“I’m sorry to say this, Edward, but our President is a fool. In a world that cries for diplomacy, he is an uncompomising wall of granite.”

Ed hesitated to criticize a man he thought of as a friend, but Peggy’s barbs were beginning to connect. “House, Lansing, and Baker have counselled compromise,” he said.

“I think he only accepts advice from God,” Peggy said, then added, “which apparently he receives on a regular basis.”

“And then there is the Fiume – Shantung contradiction,” said Ed. “He awards Fiume to the Yugoslavs on the basis of his point five – colonial claims must be based on the interests of the populations concerned – then ignores the point in awarding a large piece of Chinese territory to Japan.”

Peggy was quick to pick up on Ed’s thought. “It was all about his sacred League of Nations,” she said, “Japan threatened to quit the League and form a triple alliance with Germany and Russia to oppose the League – Wilson caved in to Japanese demands. And becaue of the Fiume decision, the Italians have gone home to Rome in a fit of anger.”

“Orlando and Sonnino have been received in Rome as National heroes,” Ed said, “imagine if they had succeeded.”

Peggy nodded, “I can imagine that Wilson, Lloyd George, and Clemenceau are happy to be without the Italians – a big three is easier to manage than a big four.”

“Speaking of the Italians,” said Ed, “I have news from my New York colleagues on this Fiume issue, and for Wilson it’s not good – his number one antagonist in the U.S. congress, Republican Senator Henry Cabot Lodge, believes that Italy should have military and naval control of the Adriatic and so supports Italy’s claim to the port of Fiume.”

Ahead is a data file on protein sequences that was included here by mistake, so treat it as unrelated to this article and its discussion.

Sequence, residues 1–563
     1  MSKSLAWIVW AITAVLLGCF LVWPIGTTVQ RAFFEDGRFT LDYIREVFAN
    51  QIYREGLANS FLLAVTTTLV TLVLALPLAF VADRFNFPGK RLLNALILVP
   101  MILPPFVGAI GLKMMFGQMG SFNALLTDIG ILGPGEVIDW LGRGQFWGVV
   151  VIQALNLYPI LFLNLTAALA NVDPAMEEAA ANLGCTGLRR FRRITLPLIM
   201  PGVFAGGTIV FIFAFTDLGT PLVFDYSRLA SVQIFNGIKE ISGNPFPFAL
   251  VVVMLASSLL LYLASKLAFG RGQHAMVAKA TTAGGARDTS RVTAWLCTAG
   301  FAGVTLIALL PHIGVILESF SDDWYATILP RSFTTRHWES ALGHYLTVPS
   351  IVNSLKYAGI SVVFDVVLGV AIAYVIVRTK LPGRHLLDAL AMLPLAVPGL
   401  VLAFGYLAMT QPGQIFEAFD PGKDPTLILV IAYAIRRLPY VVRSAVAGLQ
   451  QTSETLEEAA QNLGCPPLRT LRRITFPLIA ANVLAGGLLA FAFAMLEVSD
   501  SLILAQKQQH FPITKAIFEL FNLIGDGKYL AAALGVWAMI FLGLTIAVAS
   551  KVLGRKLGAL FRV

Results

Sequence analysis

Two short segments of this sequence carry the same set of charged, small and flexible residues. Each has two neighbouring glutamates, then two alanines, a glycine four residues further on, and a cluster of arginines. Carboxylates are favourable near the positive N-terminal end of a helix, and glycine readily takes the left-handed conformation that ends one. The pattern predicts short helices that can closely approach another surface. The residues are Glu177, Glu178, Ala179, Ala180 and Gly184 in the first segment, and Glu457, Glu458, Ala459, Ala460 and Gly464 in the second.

“Why isn’t Lodge here in Paris as part of the U.S. delegation?” Peggy asked. “Doesn’t Wilson understand that nothing he agrees to at the conference will be anything but fantasy if he can’t get support from his legislature?”

Ed was not ready to give up on Wilson. “And yet,” he said, “for all his difficulties, backsliding, mistakes, misunderstandings, and contradictions, I believe it is right and proper that he should be here.”

Peggy was not so sure. “No,” she exclaimed, “your precious Wilson should have remained in Washington, his presence here is a distraction; historians will not treat him kindly. And let us not fail to note that the peace treaty is being written by anonymous technicians whose labors will be touted as the work of statesmen.”

While Ed pondered that observation, and searched for an appropriate response, Peggy abruptly changed the subject to a train of thought she had been considering ever since they had returned from Munich.

“Ida Tarbell was too hard on Rockefeller,” she said.

Ed blinked; where did that come from? Ed was startled at the abrupt change of subject. “Rockefeller?”

“He founded the University of Chicago, you know.”

Ed shook his head; he did not know.

“The eternal conundrum,” mused Peggy, “if great wealth is accumulated by unfair means and used for charitable purposes, is it morally justified?”